Counselors who specialize in perinatal trauma can be especially helpful for parents who are looking to address the negative effects of spending time in the NICU including the feelings of mourning the loss of a normal pregnancy.   My daughter turns six on June 29, and I am finally able to let go of the “dream” and accept my reality.  Reality has all its own blessings – some better than I could have ever dreamed.

Our children deserve to have parents who are taking proper care of their mental health. Our stress affects them greatly as they are developing. When life is so busy that I don’t want to stop to care for myself, I simply remember that I’m doing it out of love (for my son who’s looking down from above) and for my daughter who gives the best hugs ever.

Read “Maybe PTSD Really is just for those at War”

Babs Haller About Babs Haller

Babs (TX) is the mother of premature twins, Jack and Kate. Jack was delivered at 24 weeks following an umbilical cord accident and died. Kate, born two weeks later, spent 59 days in the NICU. From age 4, she has required occupational and vision therapy. Babs is passionate about supporting families affected by loss and prematurity, raising funds for prevention research, and serving as an awareness ambassador. Babs is proud to have been the first staff member of Hand to Hold. View a video about her experience or email her.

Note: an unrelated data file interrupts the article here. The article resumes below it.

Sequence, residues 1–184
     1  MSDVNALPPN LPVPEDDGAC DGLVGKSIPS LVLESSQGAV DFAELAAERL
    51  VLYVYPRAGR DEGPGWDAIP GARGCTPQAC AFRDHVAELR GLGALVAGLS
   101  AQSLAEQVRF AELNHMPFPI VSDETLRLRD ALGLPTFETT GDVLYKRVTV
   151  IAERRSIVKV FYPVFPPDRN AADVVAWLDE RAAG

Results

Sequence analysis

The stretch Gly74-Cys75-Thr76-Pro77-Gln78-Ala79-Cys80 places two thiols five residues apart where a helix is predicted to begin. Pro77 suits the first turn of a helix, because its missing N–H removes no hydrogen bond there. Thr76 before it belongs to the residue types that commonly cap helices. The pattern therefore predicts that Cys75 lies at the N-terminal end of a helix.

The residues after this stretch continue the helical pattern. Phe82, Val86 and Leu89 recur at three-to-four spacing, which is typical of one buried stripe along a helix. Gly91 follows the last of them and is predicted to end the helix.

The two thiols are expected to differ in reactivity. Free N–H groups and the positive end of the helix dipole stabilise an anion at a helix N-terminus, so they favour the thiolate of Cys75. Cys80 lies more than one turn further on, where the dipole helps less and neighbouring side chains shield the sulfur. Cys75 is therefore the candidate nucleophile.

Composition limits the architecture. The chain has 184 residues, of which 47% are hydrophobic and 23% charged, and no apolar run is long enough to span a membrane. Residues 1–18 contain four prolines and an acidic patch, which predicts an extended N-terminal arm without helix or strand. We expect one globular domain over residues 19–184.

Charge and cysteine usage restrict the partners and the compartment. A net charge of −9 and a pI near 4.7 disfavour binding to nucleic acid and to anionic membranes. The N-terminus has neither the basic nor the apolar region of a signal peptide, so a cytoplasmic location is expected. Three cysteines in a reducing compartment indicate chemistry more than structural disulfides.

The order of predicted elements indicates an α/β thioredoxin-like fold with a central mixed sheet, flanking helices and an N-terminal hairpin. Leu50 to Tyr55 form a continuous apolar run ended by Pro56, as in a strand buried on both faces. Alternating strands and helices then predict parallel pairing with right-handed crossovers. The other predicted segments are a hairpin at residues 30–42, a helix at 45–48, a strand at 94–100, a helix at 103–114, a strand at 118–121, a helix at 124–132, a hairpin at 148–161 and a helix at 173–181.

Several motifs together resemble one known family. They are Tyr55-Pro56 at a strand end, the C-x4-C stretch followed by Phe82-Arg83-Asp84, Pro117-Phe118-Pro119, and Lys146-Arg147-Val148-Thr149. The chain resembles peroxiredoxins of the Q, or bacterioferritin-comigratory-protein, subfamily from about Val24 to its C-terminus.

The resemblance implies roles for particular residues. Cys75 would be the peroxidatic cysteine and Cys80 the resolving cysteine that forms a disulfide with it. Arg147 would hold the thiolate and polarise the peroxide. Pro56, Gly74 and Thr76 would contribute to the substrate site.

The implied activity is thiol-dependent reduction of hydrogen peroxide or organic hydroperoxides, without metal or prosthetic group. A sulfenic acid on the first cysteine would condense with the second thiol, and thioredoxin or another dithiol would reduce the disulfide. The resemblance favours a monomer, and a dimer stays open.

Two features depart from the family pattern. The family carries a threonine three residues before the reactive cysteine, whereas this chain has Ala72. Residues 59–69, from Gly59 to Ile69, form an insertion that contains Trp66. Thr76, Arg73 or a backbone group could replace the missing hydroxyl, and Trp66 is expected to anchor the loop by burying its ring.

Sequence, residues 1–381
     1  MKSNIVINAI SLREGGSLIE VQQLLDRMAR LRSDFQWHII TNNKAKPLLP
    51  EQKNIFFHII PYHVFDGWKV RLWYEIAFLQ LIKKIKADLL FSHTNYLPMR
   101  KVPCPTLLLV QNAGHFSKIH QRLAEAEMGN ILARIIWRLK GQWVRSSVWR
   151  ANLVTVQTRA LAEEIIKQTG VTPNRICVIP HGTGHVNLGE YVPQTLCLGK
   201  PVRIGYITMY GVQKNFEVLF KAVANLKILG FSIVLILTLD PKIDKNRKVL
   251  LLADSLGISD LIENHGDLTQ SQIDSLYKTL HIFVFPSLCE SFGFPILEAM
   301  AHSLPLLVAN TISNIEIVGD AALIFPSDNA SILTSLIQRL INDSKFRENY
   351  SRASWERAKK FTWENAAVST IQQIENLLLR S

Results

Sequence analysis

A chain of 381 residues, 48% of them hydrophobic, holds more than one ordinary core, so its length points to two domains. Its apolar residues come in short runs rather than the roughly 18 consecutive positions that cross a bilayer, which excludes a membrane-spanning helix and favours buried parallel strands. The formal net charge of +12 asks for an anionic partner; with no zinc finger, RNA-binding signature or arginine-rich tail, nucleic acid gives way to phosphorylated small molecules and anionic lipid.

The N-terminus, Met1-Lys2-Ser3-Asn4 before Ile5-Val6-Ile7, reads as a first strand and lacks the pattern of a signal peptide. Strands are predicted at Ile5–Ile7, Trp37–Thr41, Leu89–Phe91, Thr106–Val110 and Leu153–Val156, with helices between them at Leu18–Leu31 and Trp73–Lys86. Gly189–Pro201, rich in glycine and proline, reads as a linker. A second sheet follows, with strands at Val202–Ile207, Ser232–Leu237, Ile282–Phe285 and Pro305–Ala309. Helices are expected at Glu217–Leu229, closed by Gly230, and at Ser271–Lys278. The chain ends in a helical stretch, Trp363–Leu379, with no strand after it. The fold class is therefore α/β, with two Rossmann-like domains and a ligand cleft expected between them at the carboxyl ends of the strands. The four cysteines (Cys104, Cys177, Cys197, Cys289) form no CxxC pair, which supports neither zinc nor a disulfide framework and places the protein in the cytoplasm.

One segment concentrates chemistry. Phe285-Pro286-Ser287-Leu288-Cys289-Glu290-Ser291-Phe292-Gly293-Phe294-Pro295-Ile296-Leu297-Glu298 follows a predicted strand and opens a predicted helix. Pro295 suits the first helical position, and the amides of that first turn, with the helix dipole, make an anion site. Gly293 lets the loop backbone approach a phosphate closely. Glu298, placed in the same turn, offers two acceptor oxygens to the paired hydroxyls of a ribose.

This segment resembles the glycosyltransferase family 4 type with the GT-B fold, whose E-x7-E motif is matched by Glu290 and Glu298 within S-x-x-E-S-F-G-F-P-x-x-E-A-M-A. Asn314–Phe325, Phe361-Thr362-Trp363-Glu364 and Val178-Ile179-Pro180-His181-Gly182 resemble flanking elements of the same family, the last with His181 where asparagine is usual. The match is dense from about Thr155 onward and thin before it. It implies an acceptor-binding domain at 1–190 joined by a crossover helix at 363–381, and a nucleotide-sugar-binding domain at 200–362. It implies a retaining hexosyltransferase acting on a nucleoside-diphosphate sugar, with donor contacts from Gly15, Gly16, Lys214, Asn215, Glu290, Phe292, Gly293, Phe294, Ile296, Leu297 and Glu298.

Comments

  1. I was thrilled to be having twins for my “last baby” last June. I had no idea what was ahead though. I started bleeding heavily at 6 weeks and continued through the whole pregnancy. I lost one of the babies at 12 weeks. Saw them both on ultrasound on Friday, when we looked on Monday…one heart beat had stopped. I continued to bleed, then was hospitalized when my water broke at 28 weeks. I held on a week, then began to hemorrhage in earnest, due to a condition called placenta percreta. Nora was born at 29 weeks and I nearly lost my life during her c-section and my hysterectomy. I needed 30 units of blood. My recovery + having a 29 week preemie + RSV quarantine + grieving the loss of the other baby has definitely made for the most difficult, most intense time of my life. I did have to go through a couple of counselors to find the right one and I am finally getting somewhere. This is all really hard and we’re all trying to be really good moms even while dealing with all of this trauma. I agree so strongly with this post. Such good advice.